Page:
Today is International Dog Biscuit Appreciation Day, which, of course, fills me with the desire to engage in some sort of celebratory dance in the pet food aisle of my local supermarket. There’s nothing quite like making a spectacle of oneself in the name of paying homage to a worthy cause like that. At the very least, I ought to purchase something special for my dog today—something that promises to thrill his carnivorous little soul, rendering him delirious with joy in anticipation of receiving said nugget of wonderfulness. Lord knows he needs SOMETHING that effectively motivates him to whiz in the lawn in lieu of the living room.
However, the vast array of choices these days literally makes my head spin. Quite frankly, I hesitate to select a canister of that which boasts a smooth, succulent flavor while an economy-sized bag of smoky, bacon-flavored whateverness lurks nearby. And let us not forget the strips of leathery goodness and the bone-like bits of deliciousness that claim to erase unsightly tartar buildup while taming the beast that is dog breath. Never mind the bite-sized wonders that defy the laws of attrition—failing to crumble into irksome flecks that live within our pockets forevermore. In a word, the possibilities are endless and I am left with difficult decisions to make there in the Land of Canine Cuisine.
So like a fool, I pull said packages off the shelves and smell them—which is completely moronic given that a dog’s sense of smell is roughly a million times more efficient than a human’s. (I Googled it, therefore it must be so). Indeed, aside from tearing open the boxes and actually sampling the morsels within, I don’t have much to go on with regard to choosing what would wow Mister Fuzzypants.
Then again, I suppose I could turn to David Muriello (The Real Deal on Dogs) who conducted perhaps one of the most bizarre taste tests on the planet. In the name of science, the man willingly and publicly appraised an assortment of dog treats, providing an impressively detailed analysis of brand name products via an 11-minute video clip sure to entertain and inform. I urge anyone in desperate need of a laugh to view it. Like me, he apparently harbors a fair amount of curiosity about the subject of dogs and their beloved treats; although I can’t imagine voluntarily subjecting myself to such culinary unpleasantness—unless, of course, some of the stuff was actually palatable.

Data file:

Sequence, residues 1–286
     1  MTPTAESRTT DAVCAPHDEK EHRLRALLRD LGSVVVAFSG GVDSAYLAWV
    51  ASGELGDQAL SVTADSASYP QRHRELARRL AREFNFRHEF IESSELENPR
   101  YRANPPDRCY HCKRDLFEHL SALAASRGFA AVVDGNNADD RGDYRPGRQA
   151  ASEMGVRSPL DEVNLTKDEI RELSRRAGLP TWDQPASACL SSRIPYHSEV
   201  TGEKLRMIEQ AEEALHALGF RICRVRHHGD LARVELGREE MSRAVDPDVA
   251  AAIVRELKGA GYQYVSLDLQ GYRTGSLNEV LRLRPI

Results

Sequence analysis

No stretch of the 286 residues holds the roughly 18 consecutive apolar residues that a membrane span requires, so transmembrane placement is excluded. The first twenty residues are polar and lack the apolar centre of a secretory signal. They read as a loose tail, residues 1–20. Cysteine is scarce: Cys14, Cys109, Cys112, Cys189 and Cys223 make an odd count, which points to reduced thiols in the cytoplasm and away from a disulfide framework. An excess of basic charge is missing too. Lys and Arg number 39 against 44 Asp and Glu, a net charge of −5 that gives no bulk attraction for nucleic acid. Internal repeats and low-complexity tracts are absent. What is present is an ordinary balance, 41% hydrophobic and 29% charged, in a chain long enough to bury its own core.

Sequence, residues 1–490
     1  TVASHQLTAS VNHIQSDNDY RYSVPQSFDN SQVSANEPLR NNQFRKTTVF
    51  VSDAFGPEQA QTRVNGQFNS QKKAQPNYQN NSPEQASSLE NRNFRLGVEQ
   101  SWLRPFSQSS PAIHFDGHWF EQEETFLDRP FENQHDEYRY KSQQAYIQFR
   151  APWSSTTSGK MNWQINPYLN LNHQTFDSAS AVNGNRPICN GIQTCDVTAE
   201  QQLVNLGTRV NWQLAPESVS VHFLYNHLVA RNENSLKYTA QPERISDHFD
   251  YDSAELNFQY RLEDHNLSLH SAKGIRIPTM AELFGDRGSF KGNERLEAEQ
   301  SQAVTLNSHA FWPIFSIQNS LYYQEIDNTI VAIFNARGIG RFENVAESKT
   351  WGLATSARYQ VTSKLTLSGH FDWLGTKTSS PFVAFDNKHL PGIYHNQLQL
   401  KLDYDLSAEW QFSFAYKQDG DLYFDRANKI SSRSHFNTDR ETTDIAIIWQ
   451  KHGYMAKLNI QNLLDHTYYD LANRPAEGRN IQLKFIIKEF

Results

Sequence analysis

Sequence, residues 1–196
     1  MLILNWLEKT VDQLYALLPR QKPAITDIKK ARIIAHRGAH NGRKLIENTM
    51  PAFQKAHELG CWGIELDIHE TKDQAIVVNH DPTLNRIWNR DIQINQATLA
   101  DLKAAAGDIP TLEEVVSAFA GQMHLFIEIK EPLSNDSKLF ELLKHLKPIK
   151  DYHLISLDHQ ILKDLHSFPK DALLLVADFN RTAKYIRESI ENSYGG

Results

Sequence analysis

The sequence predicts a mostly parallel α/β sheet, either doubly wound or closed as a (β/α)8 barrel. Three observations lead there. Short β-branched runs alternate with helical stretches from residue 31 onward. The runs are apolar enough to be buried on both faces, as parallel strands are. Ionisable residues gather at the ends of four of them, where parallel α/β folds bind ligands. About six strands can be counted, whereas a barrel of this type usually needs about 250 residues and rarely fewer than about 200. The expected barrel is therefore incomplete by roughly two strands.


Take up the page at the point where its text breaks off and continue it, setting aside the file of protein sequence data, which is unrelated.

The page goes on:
Personally, I’m not sure that dogs even give a hoot about flavor. To me they qualify as indiscriminate eaters, cruising through the smorgasbord of life devouring pretty much anything and everything they encounter—to include Barbie doll paraphernalia, unsuspecting furniture legs, and ever-so-conspicuous chunks of carpet. Granted, not all dogs possess a penchant for consuming that which is largely inedible. But mine does. Furthermore, I’d daresay the aforementioned muttonhead is incapable of discerning a dollop of peanut butter from the remains of a freshly decapitated bird (or from a hideously decomposed bird for that matter). Indeed, he categorizes both as wholly irresistible; trusting his nose more than anything, methinks.
In light of this, perhaps the ultimate marketing strategy would be to focus on the smells that drive dogs to distraction, and to develop treats based on information gathered from the field. My dog, for one, would certainly volunteer his services in the name of giving rise to an even better dog biscuit—a smellier, more alluring sort of indulgence. That said, the pungent aroma of carnage, old shoes, musty dishcloths and fresh vomit would top his list of favorites. He’d also be impossibly drawn to the bouquet of dung—especially that of cats, rabbits and deer. Needless to say, if it were possible to capture the aforementioned scents and infuse them within bite-sized morsels for dogs, the world would be a different place—one in which an entire week might be devoted to the appreciation of dog biscuits.
Planet Mom: It’s where I live (stocking up on tasty treats as we speak).
Copyright 2011 Melinda L. Wentzel